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Latest On Royal Dutch Shell Arctic Drilling Plan

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Bidness Etc discusses when Shell can resume drilling in the Arctic and analyses the problems it faces

By: MICHEAL KAUFMANPublished: Aug 11, 2015

Royal Dutch Shell plc. (ADR) (NYSE:RDS.A) is ready to begin drilling in the Arctic. The US Bureau of Safety and Environmental Enforcement had previously banned the company from drilling at certain petroleum sites.

While the company was scheduled to begin drilling on July 30, some equipment used to control a well blowout that was being carried by a safety vessel suffered damage and was sent back for repairs, delaying the project. Shell’s experience in the Arctic has not been that great. Three years ago the company saw one of its rigs come ashore, causing damage to the environment.

Drilling in the Arctic is a debatable and divisive topic. Crude oil prices have fallen by over 50% since last summer and continue their declining trend. During Asian Trading on Tuesday, the US benchmark for crude oil, West Texas Intermediate (WTI), was down 2.38% at $43.89 per barrel, while the global benchmark for crude, Brent, was down 1.71% at $49.55 per barrel.

The declining trend has shrunk exploration and production margins for oil companies. To make matters worse, the Arctic’s rugged topography and extreme weather conditions not only add to production costs but also make operations difficult in the area.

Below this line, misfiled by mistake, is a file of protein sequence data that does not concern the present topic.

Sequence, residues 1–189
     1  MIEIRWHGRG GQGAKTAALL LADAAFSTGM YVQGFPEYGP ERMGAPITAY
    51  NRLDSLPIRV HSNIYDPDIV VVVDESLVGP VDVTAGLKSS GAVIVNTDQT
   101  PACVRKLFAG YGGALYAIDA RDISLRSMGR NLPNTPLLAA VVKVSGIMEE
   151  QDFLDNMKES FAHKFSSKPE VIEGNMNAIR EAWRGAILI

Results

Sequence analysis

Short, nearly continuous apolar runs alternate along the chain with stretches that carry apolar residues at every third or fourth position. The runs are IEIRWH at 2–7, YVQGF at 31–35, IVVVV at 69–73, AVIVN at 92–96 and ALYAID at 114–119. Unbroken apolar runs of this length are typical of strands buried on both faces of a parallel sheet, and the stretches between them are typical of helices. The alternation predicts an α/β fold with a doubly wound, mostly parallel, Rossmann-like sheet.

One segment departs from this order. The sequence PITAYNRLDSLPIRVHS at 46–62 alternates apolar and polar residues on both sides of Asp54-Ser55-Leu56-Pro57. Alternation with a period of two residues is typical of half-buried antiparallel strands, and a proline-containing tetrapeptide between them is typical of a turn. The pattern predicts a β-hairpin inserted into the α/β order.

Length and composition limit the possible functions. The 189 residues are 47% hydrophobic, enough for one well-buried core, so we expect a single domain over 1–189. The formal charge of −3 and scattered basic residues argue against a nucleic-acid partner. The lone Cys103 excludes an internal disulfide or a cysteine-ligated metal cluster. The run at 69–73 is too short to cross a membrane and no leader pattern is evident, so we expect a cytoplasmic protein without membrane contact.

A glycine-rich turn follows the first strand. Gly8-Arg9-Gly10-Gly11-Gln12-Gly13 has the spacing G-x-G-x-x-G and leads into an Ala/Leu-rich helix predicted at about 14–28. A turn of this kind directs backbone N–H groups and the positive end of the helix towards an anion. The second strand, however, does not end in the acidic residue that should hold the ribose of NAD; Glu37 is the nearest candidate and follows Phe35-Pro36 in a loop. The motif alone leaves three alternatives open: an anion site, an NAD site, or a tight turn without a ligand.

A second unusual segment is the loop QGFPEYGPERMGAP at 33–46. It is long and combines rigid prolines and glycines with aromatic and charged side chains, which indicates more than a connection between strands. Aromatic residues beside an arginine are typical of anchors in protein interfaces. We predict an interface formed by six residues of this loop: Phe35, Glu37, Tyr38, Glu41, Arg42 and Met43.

But despite the many problems, Shell is determined to resume production in the area. Oil reserves in the area still remain untapped and Shell considers this an ideal opportunity to discover new reserves. The Arctic is said to be home to 13% of the world’s undiscovered reserves or 90 billion barrels of oil equivalent per day. In a falling crude environment, raising production is one way to offset falling crude prices.

Shell currently has two drilling rigs in the area, the Polar Pioneer and the Noble Discoverer. The oil major is also facing immense pressure from environmentalists who believe that the company is not equipped to handle the challenging environment. Part of their efforts has also forced the company not to drill simultaneously using its Noble Discoverer drilling rig. Environmentalists believe that drilling rigs simultaneously causes noise pollution that impacts polar bears and walrus populations.

Environmentalists have also expressed the importance to shift to safer alternates, with global warming increasing at an alarming pace and threatening unimaginable repercussions. With Shell resuming drilling in the Arctic, environmentalists feel that it would undermine their efforts of bringing this change.

Despite all these concerns, Shell is set to initiate drilling in the Arctic, amidst severe pressure to live up to expectations and deliver what it has promised. The company’s shares were down 0.07%during pre-market trading at $58.85.

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1 Comment on “Latest On Royal Dutch Shell Arctic Drilling Plan”

  1. #1 Ceal Smith/Chukchi Sea Watch
    on Aug 11th, 2015 at 21:41

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